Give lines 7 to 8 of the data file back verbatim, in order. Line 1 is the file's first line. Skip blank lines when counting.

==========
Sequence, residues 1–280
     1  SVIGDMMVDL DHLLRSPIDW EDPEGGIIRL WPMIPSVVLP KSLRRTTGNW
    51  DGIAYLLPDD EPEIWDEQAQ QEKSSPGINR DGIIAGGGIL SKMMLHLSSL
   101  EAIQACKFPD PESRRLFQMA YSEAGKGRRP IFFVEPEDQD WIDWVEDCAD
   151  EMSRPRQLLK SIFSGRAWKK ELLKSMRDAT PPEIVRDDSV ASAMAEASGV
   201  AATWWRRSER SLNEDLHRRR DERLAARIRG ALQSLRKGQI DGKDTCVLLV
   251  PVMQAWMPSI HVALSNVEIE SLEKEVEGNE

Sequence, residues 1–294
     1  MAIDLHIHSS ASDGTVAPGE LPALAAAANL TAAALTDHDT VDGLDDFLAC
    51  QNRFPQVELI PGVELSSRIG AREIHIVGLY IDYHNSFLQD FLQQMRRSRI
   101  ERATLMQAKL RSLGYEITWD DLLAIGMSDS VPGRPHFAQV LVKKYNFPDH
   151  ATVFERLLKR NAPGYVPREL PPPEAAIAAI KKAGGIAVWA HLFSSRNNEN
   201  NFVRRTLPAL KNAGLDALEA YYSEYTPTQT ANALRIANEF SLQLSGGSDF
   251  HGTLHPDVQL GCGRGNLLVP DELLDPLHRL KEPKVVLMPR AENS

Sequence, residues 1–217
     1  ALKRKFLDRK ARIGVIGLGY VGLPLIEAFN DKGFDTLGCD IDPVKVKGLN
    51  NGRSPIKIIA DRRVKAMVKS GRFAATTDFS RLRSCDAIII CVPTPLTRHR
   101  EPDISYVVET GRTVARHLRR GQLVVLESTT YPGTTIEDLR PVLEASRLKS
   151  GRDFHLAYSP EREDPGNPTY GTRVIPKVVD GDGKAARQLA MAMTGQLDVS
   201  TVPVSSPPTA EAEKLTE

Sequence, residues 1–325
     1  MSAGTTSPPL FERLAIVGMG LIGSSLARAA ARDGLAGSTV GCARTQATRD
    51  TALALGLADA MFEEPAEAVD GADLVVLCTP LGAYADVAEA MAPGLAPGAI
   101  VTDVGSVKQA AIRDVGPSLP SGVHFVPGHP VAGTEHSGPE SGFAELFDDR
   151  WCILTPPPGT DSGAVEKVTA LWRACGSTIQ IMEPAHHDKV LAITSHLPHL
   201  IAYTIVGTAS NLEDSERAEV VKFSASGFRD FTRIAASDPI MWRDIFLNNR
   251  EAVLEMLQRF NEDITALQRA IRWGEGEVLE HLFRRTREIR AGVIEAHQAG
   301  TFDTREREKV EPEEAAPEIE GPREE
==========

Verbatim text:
   251  PVMQAWMPSI HVALSNVEIE SLEKEVEGNE

Sequence, residues 1–294